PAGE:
The Classical Psychologists: Selections Illustrating Psychology from Anaxagoras to Wundt

The Classical Psychologists: Selections Illustrating Psychology from Anaxagoras to Wundt

Read FREE!

The Classical Psychologists: Selections Illustrating Psychology from Anaxagoras to Wundt

The Classical Psychologists: Selections Illustrating Psychology from Anaxagoras to Wundt

Read FREE!

Excerpt

"THE CLASSICAL PSYCHOLOGISTS" is a companion volume in the field of psychology to the author's "The Classical Moralists" in the sphere of ethics, and also to his "Modern Classical Philosophers" in the domain of philosophy. Its aim is to present in a series of selections some of the most essential features of the psychological doctrines which have appeared from Anaxagoras to Wundt. The book is thus virtually a history of psychology, not derived from an ordinary description of systems, but based upon extracts from original sources and upon translations of the authors themselves. Such a work, it is hoped, may prove adapted for colleges and universities as a text-book of reading accompanying courses of lectures in general psychology, and may become a necessary requirement of study made of all students before entering upon the study of the special divisions of existing psychology. The general reader, moreover, will find it an interesting volume of original material of the great psychologists from the earliest to the most recent times.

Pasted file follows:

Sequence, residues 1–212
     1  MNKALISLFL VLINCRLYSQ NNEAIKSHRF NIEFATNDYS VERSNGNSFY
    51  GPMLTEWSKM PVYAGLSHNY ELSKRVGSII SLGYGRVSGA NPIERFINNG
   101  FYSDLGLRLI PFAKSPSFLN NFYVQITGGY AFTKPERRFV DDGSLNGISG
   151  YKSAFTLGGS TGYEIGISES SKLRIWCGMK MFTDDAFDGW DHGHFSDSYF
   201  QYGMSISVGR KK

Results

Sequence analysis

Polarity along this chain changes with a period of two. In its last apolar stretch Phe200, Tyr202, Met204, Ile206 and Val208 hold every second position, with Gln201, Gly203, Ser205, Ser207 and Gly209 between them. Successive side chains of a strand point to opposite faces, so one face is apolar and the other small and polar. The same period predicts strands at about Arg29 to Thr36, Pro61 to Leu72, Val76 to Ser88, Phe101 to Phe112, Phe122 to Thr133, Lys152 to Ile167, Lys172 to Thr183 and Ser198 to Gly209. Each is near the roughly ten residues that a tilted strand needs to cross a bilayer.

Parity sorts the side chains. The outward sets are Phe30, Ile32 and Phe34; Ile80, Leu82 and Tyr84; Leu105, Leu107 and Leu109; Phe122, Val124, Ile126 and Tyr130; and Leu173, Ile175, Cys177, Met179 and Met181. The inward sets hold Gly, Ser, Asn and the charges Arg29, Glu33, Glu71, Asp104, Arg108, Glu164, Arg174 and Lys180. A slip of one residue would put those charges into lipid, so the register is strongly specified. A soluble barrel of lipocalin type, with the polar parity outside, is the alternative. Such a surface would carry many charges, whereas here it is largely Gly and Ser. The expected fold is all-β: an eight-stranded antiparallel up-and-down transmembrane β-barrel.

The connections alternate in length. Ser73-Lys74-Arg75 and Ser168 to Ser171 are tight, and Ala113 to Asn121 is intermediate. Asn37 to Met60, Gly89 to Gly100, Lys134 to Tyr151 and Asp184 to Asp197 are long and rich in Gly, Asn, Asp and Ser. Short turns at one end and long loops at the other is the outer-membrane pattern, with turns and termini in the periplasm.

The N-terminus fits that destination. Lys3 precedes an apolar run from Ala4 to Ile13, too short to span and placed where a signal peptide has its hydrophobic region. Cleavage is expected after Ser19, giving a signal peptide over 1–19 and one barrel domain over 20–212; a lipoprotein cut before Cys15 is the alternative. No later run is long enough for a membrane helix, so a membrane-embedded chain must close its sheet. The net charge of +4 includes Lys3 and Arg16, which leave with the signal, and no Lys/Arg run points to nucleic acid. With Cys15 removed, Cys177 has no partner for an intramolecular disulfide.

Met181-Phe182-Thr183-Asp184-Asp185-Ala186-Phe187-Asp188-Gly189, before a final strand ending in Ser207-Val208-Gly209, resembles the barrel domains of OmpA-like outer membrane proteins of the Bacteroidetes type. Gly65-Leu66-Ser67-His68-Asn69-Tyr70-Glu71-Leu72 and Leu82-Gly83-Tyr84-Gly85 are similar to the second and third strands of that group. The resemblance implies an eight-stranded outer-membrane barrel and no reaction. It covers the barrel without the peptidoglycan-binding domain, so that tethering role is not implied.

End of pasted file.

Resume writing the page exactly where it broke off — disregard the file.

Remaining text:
From Aristotle's "De Anima" there is reproduced at the outset the first extant history of psychological theories. With the name of Anaxagoras, who emphasizes the Nous as present in all things, but with insight as to its different forms in mind and matter, it was thought the work might fittingly begin. Empedocles is mentioned, who maintains that like is known by like, and that perception is due to elements in us coming in contact with similar elements outside. Democritus is also included, who believes the soul to consist of atoms, the peculiar fineness, smoothness, and mobility of which cause perception and thought. The second selection is taken from the Theaetetus of Plato, which Professor Jowett describes as the oldest work in psychology that has come down to us, and which here contains the contending Sophistic and Socratic views on the nature . . .

Search by... Author
Show... All Results Primary Sources Peer-reviewed

Oops!

An unknown error has occurred. Please click the button below to reload the page. If the problem persists, please try again in a little while.